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Off Piste Snow Report – N French Alps – week starting 18th March 2024

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A mild and largely sunny week in the N French Alps, with a few snow showers at high altitude on Monday. Feeling very spring-like.

Snow conditions in N French Alps will be very variable this week, with mild temperatures and plenty of sunshine. A few snow showers above 2400 m or so at the start of the week, but rain at lower altitudes. As long as there are a few successive days of warm sunshine and clear nights, causing ‘melt freeze cycles’ * we wouldn’t be surprised if ‘spring-snow’ conditions** don’t start to appear towards the end of the week! For the moment though, the snow is very much in ‘transition’ between winter and spring snow due to new snow, poor overnight refreezes and limited snow melt during the day.

Even when a few cm of fresh snow has fallen at high altitude, things are warming up quickly and becoming heavy to ski – even by mid-morning. Needless to say, off-piste conditions are currently rather tricky. If you get it right, it’s great. Get it wrong, it’s really bad!

Best snow coverage remains in the higher altitude resorts, particularly over 2200 m, where it’s been snowing rather than raining. Unfortunately, lower and mid-altitude resorts are really suffering from lack of snow, and their piste grooming teams are working very hard to ensure skiing for their customers.

*A melt freeze cycle is when cold dry snow melts in the sun/heat during the day and then freezes at night. Once that occurs several times in succession, the top snow layer begins to form a crust that gets deeper and stronger after each melt allows free water to drip down and re-freeze during the night. Any given ‘melt-freeze’ layer becomes stronger with each cycle of melting and freezing due to the deeper penetration of each melt during the day, which then adds more depth to the potential frozen layer at night.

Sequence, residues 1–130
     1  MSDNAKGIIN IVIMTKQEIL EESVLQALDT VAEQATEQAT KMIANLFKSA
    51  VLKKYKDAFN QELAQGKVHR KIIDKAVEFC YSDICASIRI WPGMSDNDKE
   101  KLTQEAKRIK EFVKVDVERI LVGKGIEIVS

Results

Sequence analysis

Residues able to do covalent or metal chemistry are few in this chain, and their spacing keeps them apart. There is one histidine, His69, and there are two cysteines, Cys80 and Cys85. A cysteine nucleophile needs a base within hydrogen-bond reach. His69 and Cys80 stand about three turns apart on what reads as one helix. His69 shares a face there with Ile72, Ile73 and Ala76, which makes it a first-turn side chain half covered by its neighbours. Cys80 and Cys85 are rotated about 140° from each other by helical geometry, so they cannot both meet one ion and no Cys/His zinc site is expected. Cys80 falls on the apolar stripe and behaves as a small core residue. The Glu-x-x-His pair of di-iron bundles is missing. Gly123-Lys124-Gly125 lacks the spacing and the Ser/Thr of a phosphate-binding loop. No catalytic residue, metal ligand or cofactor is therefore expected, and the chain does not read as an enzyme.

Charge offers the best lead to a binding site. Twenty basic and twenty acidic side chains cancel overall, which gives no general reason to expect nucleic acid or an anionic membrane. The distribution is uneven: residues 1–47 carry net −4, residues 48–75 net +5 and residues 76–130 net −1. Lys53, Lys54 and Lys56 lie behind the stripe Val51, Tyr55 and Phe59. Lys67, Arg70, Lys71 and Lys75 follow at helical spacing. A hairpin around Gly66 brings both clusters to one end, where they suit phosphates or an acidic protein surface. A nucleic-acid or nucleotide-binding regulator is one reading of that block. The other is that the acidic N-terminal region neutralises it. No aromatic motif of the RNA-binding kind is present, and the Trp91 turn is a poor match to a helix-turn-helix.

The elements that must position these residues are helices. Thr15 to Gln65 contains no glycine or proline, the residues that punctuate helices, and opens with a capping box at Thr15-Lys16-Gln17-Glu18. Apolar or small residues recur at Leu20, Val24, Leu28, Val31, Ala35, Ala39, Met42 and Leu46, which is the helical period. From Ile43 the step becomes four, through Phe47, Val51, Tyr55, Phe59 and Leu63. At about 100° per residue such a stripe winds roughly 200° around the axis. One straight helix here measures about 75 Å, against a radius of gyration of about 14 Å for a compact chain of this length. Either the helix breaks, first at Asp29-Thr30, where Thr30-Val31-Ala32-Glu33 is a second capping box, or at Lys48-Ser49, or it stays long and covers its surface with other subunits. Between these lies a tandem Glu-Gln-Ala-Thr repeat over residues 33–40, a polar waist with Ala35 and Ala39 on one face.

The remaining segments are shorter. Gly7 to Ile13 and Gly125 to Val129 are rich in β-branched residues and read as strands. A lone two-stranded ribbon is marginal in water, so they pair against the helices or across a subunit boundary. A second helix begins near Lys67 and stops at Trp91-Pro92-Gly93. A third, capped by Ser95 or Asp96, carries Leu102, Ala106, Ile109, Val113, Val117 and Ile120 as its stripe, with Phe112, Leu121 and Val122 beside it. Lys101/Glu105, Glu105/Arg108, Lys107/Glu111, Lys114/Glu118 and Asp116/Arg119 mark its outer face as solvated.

** If untouched, the top of this frozen layer is smooth and solid first thing in the morning. It then becomes progressively softer as the warm sun and increased temperatures melt it as the day goes on. This process starts on east faces because they get the sun first thing in the morning, then south, then west. (North faces at/above 2500 in the metres in the Alps don’t normally get a melt freeze layer on them until late April due to lack of heating from the sun. But once they do, you can ski well into the afternoon after a good freeze at night). For more on how to ski smooth nice spring snow see my article here  ‘Spring Skiing Tips – Ski the Smooth’,

Avalanche Bulletin

For most areas in the N French Alps the current avalanche danger level is around a ‘limited’ 2 out of 5. The high more N’ish facing slopes are the ones where the most avalanche instability currently is. If it rains or snows significantly, as it may on Monday, this will probably rise to a 3 out of 5 with instability of wet snow avalanches coming down. It will then probably revert to a 2 out of 5 again later in the week.